In conceiving this work, I asked myself if it was necessary to realize it in virtual reality or if a single channel video would suffice – and the goggles won! There’s an obvious connection between the design of Kiesler’s cinema and virtual reality headsets – both were intended to transport viewer’s into another space, allowing them to forget about their surrounding physical environment. Similarly, it’s critical that viewers have this first person perspective within the cinema, that they also embody the role of spectator within the virtual environment.
CH: What role do art and culture theories and practices play for your digital art works?
»Action Painting.« 4 channel video installation.
JR: Much of my inspiration comes from looking at visual art and reading books on art history. I’ve never framed it this way, but I guess I treat art history as another material to work with. In his book Pictures of Nothing, American historian Kirk Varnedoe shows how abstract art is a conversation that happens over generations, and I find it fulfilling to add my two cents to this dialog, typically from a technological perspective.
One recurring interest in my work is the phenomenon of the sublime, this experience of greatness, awe, and fear elicited by nature and frequently found in eighteenth and nineteenth century European and American landscape painting. AND is still very relevant in our awe-inspiring technological era surrounded by increasingly larger screens, high-definition special effects, and boundless information.
CH: How would you describe your artistic practice in general? How do you work?
»Electric Fields III.« Realtime software application, 2014.
JR: I work primarily with software as a material – I write computer code to generate moving imagery. Working with software is a hybrid, almost multi-disciplinary practice since it fuses so many different modes of image making from the past: photography, painting, cinema, and animation. My work manifests as run-time graphics software, digital prints, VR worlds, and iPhone applications.
The code that I write typically isn’t explicit; it’s a loose set of instructions run by the computer that dictate the appearance and behavior of graphical forms. Each time the computer runs the code, the results are slightly different. In a way, I utilize the computer as a collaborator who continues to make the work.
My smaller projects are typically more exploratory and improvisational, where I spend hours sketching on paper and programming and then tweaking those programs to get the right imagery. Larger projects, like this one or Action Painting typically require significant research, planning, and labor. I like these works to develop slowly over time, as it offers more time for reflection on the results.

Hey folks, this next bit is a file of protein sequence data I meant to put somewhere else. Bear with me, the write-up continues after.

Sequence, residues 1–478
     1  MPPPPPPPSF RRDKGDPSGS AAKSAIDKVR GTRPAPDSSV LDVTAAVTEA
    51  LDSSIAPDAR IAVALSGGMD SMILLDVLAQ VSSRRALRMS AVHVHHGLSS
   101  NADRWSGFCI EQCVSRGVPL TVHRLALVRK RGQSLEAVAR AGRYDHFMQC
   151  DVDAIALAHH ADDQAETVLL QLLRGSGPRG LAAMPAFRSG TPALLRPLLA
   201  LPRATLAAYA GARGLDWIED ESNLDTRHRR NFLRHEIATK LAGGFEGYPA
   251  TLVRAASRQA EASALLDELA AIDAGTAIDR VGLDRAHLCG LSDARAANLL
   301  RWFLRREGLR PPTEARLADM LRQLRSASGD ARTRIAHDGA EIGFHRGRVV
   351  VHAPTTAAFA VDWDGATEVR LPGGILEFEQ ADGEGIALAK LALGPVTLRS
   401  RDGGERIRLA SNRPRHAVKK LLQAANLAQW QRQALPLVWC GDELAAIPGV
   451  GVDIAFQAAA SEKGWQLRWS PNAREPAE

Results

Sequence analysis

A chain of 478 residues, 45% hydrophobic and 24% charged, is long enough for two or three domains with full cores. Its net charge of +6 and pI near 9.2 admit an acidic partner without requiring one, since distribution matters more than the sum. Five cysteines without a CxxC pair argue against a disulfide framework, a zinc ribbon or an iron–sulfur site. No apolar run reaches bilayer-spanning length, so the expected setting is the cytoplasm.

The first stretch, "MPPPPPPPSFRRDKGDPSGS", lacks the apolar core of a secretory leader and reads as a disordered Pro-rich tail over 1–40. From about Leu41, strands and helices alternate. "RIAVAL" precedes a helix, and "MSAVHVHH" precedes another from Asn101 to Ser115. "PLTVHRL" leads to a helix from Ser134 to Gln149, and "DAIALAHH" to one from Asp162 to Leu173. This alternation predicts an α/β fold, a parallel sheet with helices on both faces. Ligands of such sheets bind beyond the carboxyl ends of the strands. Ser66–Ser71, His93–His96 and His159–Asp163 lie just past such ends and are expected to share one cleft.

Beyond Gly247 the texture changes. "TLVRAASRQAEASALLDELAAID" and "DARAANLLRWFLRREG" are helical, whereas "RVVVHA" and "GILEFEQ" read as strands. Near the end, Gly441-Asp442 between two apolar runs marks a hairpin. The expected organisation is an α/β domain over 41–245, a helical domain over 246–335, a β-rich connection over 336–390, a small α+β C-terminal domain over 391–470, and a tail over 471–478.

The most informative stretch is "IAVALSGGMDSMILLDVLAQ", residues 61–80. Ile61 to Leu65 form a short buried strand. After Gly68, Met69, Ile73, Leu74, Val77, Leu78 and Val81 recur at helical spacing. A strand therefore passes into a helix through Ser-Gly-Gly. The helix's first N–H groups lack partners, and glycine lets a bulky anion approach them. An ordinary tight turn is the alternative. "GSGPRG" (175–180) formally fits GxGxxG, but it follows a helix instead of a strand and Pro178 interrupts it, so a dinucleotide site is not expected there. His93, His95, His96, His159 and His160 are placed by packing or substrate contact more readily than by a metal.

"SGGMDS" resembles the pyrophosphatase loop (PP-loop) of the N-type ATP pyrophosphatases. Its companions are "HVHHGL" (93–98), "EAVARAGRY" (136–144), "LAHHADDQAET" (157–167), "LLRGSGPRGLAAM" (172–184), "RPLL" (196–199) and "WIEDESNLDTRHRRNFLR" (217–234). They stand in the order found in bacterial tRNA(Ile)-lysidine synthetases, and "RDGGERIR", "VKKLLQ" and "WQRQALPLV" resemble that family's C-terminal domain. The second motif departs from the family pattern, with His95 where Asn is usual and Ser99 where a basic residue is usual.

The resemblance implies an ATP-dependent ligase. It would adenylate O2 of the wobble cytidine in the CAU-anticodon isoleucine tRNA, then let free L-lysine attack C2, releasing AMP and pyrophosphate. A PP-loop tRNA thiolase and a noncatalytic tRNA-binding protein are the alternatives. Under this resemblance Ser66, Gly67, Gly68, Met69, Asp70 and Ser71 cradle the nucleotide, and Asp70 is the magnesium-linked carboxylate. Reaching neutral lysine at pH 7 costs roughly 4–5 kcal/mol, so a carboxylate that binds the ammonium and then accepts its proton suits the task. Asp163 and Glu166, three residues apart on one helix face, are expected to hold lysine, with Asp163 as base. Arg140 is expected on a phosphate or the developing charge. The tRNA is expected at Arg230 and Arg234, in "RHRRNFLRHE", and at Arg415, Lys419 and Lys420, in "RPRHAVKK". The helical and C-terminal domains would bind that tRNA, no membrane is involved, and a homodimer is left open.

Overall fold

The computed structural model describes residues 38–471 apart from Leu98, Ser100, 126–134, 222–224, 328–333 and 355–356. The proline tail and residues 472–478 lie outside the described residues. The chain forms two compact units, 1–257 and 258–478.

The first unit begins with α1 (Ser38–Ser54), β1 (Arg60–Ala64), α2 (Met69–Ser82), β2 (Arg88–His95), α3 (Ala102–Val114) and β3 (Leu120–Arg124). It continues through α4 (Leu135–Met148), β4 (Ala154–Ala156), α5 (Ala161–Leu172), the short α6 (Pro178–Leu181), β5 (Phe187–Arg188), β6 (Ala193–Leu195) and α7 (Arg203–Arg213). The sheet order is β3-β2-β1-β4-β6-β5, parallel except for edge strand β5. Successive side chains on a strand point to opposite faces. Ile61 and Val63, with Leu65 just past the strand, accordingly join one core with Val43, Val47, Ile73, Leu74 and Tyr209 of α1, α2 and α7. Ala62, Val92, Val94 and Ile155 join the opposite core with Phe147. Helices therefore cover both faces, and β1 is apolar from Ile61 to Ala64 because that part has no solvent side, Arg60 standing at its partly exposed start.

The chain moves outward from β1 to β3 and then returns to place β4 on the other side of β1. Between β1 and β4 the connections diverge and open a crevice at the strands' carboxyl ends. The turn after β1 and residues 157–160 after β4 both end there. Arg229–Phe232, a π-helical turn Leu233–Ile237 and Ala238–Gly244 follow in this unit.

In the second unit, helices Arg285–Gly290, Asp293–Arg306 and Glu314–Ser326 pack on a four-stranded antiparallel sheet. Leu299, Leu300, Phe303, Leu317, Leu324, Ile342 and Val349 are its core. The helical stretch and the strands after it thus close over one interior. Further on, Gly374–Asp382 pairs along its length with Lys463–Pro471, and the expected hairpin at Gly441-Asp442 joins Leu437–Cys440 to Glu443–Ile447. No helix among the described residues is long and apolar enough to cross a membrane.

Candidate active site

CH: How would you describe the current status of digital art and what is your take on post-internet art?
JR: I’m no expert on the topic, but, aside from the awkwardness of its name, it’s relevant to have a category for the generation of artists who have grown up online and who operate fluidly between virtual and physical spaces (or don’t even see a distinction, for that matter) and whose works speaks to network effects. This new version of Internet art seems to have higher production values and is certainly more commercially minded. Call me nostalgic, but I sometimes miss the throbbing insanity of early browser based art.
It is exciting to see how digital art is proliferating right now after decades at the sidelines, with artists using technology in their practice getting more exposure and opportunities within the art world. As Rhizome’s Michael Connor has pointed out, »›internet culture‹« is just ›culture.‹« I suppose that digital art will also lose its adjective one day soon. I’m excited about platforms like Electric Objects, FRAMED*, and OpenFrame, pushing distribution methods and bringing digital art into people’s homes through screens that access collections of still and moving-image work as well as web-based art.
CH: Which other digital artists interest and/or influence you?
JR: It’s not easy to list! Being from Toronto, I had the opportunity to see David Rokeby’s work frequently and I was really attracted to the projects in which he used computer vision to create densely layered and sometimes painterly collections of visual data – of people moving through spaces, passing automobiles, pigeons, etc. I’ve been inspired by Jason Salavon’s data visualizations and image averaging algorithms that operate on cultural data and other social artifacts – Hollywood films, music videos, Playboy centerfolds, high school albums, Pantone charts, etc. I really admire Jennifer Steinkamp’s use of architecture, projection and all-over compositions. I’ve been following LaTurbo Avedon’s online museum, Panther Modern. LaTurbo invited over 15 artists to create installations that exist within virtual rooms that she designed. The responses range from the immersive, to the sublime, to the impossible. Andrew Benson’s weirdo character animations and Zach Lieberman’s recent burst of dynamic computational forms keep my Twitter feed interesting.
Study for »House of Shadow Silence, 2016
CH: What future projects are you interested in doing?
I’m expecting to continue working on House of Shadow Silence for a few more months after this residency – to add more animations, realize that hallucinatory experience that happens within the cinema’s eye, and work with Chris Carlson to create a fitting soundtrack for the project. Perhaps something with a little bit of film projector flutter.